Paul Pressler faces his first true test as Disneyland's new president later this month--and it won't be finding a new attraction to replace the dramatically downsized $3-billion Disneyland Resort expansion.
Instead, it will be overseeing the debut of the most highly touted new ride at the Magic Kingdom in years--the Indiana Jones Adventure.
Opening a new ride shouldn't seem all that difficult. Usually, it's a matter of simply assuming control from Disney's design engineers. But this is no ordinary ride.
The Indiana Jones Adventure, based on the movie trilogy starring Harrison Ford, involves new technology: visitors sit in a ride simulator that thrashes back and forth atop a wheeled platform that can stop, start and even go in reverse.
Sound complicated? The ride broke down three times during a press preview Saturday. The first occasion was just a minute after Pressler and a much-ballyhooed family named Jones from Indianapolis--get it?--had successfully completed a ride through. Each of the breakdowns required sending workers into the bowels of the adventure ride to walk out stranded passengers and leave behind the faux military-style jungle vehicles that carry them through the Temple of the Forbidden Eye. Workers blamed a computer glitch.
The estimated $100-million ride has been rumored to be subject to breakdowns and last weekend's demonstration did nothing to quash them. A ride stoppage at a crucial moment of the opening festivities later this month could prove most embarrassing to Pressler and Disney Chairman Michael Eisner, who have hyped this ride heavily--it was the centerpiece of the Super Bowl halftime.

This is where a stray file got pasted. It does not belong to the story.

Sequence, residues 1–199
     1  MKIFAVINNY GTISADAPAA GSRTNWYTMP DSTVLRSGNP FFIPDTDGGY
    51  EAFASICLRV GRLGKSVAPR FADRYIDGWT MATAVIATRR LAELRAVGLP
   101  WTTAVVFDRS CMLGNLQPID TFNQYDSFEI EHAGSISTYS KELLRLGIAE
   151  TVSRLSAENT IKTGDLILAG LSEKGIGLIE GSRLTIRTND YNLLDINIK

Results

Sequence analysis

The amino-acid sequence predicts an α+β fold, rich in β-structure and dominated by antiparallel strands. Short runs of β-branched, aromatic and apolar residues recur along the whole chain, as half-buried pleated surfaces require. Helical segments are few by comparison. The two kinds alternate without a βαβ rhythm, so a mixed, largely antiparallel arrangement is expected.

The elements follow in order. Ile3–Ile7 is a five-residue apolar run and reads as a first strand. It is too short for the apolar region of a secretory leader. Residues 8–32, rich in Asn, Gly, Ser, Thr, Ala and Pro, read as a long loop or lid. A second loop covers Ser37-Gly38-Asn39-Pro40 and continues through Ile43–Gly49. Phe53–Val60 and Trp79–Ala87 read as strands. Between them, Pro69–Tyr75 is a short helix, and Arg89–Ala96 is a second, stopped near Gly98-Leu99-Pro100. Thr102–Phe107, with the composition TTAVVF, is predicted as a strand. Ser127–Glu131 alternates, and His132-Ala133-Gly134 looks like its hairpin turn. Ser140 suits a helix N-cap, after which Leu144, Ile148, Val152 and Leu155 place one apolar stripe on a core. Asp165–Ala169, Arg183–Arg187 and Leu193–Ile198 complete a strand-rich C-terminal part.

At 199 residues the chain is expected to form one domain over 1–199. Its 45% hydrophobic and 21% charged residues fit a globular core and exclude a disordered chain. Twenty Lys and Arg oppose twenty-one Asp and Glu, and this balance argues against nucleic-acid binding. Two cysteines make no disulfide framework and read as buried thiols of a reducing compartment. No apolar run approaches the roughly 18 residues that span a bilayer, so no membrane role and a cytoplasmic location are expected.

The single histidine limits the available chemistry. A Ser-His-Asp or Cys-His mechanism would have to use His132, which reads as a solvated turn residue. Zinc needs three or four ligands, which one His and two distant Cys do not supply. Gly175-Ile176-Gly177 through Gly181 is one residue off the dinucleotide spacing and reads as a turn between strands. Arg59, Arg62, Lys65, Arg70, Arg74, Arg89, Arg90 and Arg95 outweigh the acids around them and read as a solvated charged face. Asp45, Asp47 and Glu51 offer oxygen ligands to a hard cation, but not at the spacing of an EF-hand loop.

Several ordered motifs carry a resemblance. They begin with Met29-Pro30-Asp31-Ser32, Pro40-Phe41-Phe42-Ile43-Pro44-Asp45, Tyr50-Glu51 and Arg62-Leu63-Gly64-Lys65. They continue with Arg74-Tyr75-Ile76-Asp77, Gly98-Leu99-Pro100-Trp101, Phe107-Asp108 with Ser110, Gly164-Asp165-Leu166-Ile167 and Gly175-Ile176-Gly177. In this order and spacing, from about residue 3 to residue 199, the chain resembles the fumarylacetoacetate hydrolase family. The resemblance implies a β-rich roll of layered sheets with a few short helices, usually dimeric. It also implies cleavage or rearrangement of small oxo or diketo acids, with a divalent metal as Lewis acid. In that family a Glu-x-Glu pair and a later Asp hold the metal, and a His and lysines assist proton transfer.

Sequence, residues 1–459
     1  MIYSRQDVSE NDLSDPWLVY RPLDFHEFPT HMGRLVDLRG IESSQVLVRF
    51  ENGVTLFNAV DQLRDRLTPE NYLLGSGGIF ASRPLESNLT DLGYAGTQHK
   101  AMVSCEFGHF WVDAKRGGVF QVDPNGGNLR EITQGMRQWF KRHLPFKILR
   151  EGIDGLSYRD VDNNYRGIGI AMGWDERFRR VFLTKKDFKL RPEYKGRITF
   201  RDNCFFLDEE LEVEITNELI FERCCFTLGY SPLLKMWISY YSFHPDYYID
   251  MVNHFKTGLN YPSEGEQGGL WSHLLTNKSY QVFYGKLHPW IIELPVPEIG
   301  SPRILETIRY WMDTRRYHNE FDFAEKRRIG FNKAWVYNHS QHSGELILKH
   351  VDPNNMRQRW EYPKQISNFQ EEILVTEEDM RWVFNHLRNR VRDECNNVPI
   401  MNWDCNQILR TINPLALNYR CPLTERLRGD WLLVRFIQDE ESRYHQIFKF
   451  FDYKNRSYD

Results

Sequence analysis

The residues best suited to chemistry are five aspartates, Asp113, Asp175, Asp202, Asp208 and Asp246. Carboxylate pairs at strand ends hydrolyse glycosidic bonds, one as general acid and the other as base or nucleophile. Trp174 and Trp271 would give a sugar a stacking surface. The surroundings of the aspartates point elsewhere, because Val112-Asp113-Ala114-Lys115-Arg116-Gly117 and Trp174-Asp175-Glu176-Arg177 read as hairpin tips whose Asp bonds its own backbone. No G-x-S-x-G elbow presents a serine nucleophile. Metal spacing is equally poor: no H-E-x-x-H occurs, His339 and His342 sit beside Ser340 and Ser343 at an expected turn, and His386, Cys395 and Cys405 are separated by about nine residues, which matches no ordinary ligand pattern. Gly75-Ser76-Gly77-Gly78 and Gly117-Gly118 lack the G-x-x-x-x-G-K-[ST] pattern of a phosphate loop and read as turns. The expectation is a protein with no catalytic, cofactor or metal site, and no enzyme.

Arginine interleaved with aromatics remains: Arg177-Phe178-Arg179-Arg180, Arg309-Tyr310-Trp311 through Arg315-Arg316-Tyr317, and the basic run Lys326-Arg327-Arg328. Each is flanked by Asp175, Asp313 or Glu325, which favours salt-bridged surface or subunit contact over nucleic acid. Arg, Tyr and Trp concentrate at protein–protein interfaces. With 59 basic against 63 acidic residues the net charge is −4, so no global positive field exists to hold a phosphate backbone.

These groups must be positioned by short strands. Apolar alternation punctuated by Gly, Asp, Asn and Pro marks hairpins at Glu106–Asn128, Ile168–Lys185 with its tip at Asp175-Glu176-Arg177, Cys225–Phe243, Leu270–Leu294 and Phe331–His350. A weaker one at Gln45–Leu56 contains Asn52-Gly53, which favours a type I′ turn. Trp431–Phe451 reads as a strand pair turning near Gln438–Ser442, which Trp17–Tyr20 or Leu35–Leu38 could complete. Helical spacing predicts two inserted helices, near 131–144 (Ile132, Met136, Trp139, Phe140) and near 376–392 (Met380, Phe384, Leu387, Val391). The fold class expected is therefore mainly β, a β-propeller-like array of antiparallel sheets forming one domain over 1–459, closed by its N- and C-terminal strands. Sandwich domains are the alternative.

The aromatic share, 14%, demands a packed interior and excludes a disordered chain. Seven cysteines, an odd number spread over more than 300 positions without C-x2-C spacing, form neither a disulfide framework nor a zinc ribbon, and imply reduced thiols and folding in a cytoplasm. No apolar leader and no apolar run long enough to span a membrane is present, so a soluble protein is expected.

Crews are still working around the clock to fix the problems and work out last-minute lighting and sound details. Tony Baxter, a vice president of Walt Disney Imagineering in Glendale, which designed the ride, said the ride is 90% complete. But, it's that last 10% that can kill you.
Glitches aside, the Indiana Jones ride will be the roughest and scariest attraction in the park. I don't mean scary in the Disney sense, like a trip through the Haunted Mansion or that locomotive headlight that hurtles toward riders in Mr. Toad's Wild Ride. I mean real scary. At one point, a huge mechanical cobra strikes at the careening vehicle.
But at the press preview Saturday, everyone seemed to love it. And the artistic detail in the ride, creating a decrepit old sanctuary in Adventureland, is truly amazing. During one breakdown, visitors could notice fake moss stuck between the rocks in a wall that normally would barely be visible if the ride were actually moving. Even the inside of the elevators for disabled passengers are themed: the doors are made to look like huge rusted iron plates.
Now, if they can only get the ride to work properly.